What are the current challenges and opportunities within the PE industry?

Difficult macroeconomic conditions

In recent years, the global macroeconomic context has not been particularly favourable to companies.

The Russian invasion of Ukraine in September 2022 has further exacerbated the post-pandemic rise of inflation by increasing supply chain disruption and driving up energy prices.

In response to the increase in inflation, the main central banks raised their interest rates, leading to a contraction in consumer demand impacting the operational margins of the companies.

Moreover, as interest rates rise, companies that have benefited during more than a decade of a low interest environment struggle to meet their financial obligations under their existing debts.

The convergence of these factors creates an explosive combination, putting the companies in financial difficulties.

Needs for equity financing
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PE Firms seeking to provide financial assistance to their portfolio companies must be cautious of the different pitfalls associated with such procedure of share capital increase.

Frédéric Lemoine

Companies, particularly those backed by private equity firms (PE Firms), which heavily relied on financial leverage, find themselves in a position where they need additional financing.

Additional financing can be obtained through debt funding but also by injecting fresh equity into the company. Typically, such an injection of new equity is made through a share capital increase.

PE Firms seeking to provide financial assistance to their portfolio companies must be cautious of the different pitfalls associated with such procedure of share capital increase.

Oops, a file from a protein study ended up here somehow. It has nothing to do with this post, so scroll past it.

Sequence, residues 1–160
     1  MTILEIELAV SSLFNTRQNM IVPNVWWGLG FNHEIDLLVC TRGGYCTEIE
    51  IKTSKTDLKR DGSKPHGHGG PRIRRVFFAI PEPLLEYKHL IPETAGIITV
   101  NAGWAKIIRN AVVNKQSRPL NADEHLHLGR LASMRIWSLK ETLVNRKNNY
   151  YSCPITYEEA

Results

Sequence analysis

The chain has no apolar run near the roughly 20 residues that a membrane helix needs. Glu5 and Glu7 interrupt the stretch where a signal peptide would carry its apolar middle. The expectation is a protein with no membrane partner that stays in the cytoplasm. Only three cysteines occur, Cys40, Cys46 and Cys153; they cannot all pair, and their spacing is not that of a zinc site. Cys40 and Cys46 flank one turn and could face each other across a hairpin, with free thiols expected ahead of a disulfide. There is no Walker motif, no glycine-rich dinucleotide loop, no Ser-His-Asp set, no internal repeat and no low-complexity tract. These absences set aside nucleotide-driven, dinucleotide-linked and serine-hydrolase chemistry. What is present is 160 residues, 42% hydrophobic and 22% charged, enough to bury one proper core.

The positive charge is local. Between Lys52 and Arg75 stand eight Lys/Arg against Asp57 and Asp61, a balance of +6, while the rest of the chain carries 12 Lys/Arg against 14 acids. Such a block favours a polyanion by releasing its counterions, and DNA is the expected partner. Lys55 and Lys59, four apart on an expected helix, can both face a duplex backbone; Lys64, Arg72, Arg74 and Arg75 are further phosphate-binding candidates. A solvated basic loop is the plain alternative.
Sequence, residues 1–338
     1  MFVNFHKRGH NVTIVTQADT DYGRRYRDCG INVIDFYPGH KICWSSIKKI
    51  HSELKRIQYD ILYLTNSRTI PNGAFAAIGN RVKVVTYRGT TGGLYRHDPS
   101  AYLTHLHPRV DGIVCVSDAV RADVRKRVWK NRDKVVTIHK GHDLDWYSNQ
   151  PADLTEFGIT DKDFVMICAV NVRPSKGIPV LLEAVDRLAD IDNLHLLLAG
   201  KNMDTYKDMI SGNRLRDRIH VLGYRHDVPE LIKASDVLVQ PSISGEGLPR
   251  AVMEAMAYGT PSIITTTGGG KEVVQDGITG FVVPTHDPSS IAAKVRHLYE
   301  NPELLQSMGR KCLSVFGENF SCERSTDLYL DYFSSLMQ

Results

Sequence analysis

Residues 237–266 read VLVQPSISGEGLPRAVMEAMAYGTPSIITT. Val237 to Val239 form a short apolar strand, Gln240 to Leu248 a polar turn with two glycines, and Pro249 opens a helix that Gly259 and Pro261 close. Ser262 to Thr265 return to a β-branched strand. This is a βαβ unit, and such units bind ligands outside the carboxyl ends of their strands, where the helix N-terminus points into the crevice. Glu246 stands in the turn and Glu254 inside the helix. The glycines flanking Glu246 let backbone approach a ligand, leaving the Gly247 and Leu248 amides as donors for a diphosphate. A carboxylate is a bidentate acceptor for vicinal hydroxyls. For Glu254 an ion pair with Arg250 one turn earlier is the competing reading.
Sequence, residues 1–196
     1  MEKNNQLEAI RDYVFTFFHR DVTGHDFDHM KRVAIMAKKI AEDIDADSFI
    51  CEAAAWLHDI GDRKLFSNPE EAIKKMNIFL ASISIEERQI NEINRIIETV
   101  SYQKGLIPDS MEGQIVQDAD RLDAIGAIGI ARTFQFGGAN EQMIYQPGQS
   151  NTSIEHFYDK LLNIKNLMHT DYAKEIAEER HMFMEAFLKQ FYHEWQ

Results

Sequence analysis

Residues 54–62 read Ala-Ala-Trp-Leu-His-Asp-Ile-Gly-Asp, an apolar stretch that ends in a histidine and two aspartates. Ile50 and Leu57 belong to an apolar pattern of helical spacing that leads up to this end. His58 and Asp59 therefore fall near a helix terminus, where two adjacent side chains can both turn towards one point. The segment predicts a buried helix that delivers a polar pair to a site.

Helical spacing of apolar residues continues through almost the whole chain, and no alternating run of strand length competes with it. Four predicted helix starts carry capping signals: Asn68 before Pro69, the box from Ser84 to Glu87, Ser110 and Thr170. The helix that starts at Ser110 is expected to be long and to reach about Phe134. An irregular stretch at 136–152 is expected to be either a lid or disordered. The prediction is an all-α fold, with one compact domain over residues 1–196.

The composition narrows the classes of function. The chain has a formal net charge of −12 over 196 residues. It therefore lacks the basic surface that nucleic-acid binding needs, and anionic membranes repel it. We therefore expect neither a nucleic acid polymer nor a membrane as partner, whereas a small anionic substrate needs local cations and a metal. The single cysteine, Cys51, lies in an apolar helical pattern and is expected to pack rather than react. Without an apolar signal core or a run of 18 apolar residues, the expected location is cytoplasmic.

(i) Control

As larger acquisitions become more common, it is not unusual for PE Firms to collaborate with co-investors for their investments. The notion of control becomes then paramount.

Indeed, in the most common forms of companies used in Luxembourg (i.e. sociétés anonymes and sociétés à responsabilité limitée), any share capital increase will require the holding of an extraordinary general meeting of shareholders before a Luxembourg notary.

Thus, in order to avoid being blocked by recalcitrant minority investors in their attempt of refinancing, PE Firms must ensure the control of the company in terms of quorum and voting rights.

To mitigate such risk, PE firms will generally rely on the voting agreements, which are commonly found in the co-investment agreements that they entered into with their co-investors.

(ii) Preferential subscription rights

PE Firms must also consider the eventual existence of preferential subscription rights. Preferential subscription rights is an anti-dilution mechanism of protection. However, such mechanism may have two main disadvantages for PE Firms. In refinancing transactions where time may be of the essence, setting a period during which the shareholders may exercise their preferential subscription rights may cause delay in the process. In addition, PE firms may also seek to increase their participation in the company to have its full control to implement the necessary measures to turn around the business. Preferential subscription rights, by potentially preserving the status quo in terms of shareholding, may constitute a significant drawback.

(iii) Balance sheets clean up

Potential new investor(s) may be reluctant to invest in a company with a balance sheet showing important losses. Hence, it may need to proceed with a share capital reduction with the absorption of the losses before the share capital increase. Such an operation is not without risk, notably in a scenario where the share capital has been reduced to zero. Minority shareholders expropriated from their shares may initiate a legal action against the PE Firm on the grounds of an abuse of majority. Such transaction must be carefully justified from an economic point of view.

New opportunities

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As traditional banks became a bit reluctant to grant or extend credits, or tightened their conditions or required additional security, borrowers sought alternative means of borrowings.

Audrey Jarreton